In a significant ruling, the Bombay High Court recently held that only a legally wedded wife would be entitled to the Provident Fund (PF) and other related benefits of the husband, even if she has deserted him. The HC also said that just because a woman fails to perform the duties of a mother and a wife, she cannot be denied her entitlement.
The ruling was pronounced by a bench of Justices Atul Chandurkar and Nitin Suryawanshi while upholding a family court's orders, which allowed a woman, to claim her entitlement in the PF benefits of her husband, whom she had deserted some two decades ago.
The bench was seized with the plea of a husband, who worked as a watchman in the Security Section of the Indian Airforce's headquarters Maintenance Command (Unit) in Nagpur. The husband challenged the family court's orders on the ground that he had performed a second marriage and had that now his second wife would be entitled to such benefits.
The dispute was that the husband had deleted the name of his first wife from all the PF and other related schemes and had nominated his second wife for these benefits. However, amid all this, the husband had not given divorce to the first wife and his first marriage subsisted.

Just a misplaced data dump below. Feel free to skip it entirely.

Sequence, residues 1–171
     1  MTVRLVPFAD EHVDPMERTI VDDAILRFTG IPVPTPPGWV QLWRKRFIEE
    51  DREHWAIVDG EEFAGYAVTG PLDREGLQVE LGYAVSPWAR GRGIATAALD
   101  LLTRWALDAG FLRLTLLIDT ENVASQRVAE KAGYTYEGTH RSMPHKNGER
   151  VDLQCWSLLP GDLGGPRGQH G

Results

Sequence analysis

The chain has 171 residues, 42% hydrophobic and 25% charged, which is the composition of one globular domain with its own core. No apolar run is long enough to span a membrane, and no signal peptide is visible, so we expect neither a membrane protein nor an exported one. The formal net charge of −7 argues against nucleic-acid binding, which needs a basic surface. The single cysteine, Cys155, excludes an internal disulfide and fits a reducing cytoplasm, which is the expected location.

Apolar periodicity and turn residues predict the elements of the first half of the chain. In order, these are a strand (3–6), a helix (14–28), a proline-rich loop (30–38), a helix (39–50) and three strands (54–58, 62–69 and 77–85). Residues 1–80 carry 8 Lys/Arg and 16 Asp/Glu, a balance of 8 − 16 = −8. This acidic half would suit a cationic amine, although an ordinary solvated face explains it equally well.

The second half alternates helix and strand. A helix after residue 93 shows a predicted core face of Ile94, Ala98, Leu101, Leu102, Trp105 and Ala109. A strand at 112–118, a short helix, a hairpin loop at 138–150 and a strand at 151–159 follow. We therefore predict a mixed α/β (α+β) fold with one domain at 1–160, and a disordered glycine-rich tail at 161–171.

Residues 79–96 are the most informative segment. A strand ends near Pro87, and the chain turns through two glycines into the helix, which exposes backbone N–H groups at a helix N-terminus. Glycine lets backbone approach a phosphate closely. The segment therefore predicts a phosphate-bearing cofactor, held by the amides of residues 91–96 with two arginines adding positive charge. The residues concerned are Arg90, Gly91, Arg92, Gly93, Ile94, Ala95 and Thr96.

The bench while considering the pleadings, noted that the husband did not give divorce to his first wife and proceeded to perform a second marriage. The bench said that the second marriage was thus illegal since the first marriage continued to subsist even as the couple lived separately from the past 23 years.
Having heard the contentions, the judges referred to the provisions of the General Provident Fund (Central Services) Rules, 1960, which notifies as to who is entitled to these benefits. "Taking into consideration the definition of ‘family’ in the rules, only a legally wedded wife can be said to be included in the definition of family."
"Since the husband has performed a second marriage, while his first marriage was subsisting, the second marriage is void and the second wife thus cannot be said to be legally wedded one," the bench held.
The bench further said that even if the couple resides separately for over 23 years, "still that itself does not dissolve."
It further took into account the husband's contention that the first wife was leading an adulterous life and has failed to perform the duties of a mother and even of a wife and even that her desertion of over 23 years has forced him to perform a second marriage.
"All these allegations are unacceptable and they do not further the case of the husband in any manner, in absence of declaration and dissolution of his marriage with the first wife by decree of a competent Civil Court," the judges held.
"During the subsistence of the first marriage, he has performed a second marriage, which cannot be said to be legal. The allegations of adultery have no relevance in the present case as the same does not in any manner affect the merits of the claim by the first wife," the bench ruled.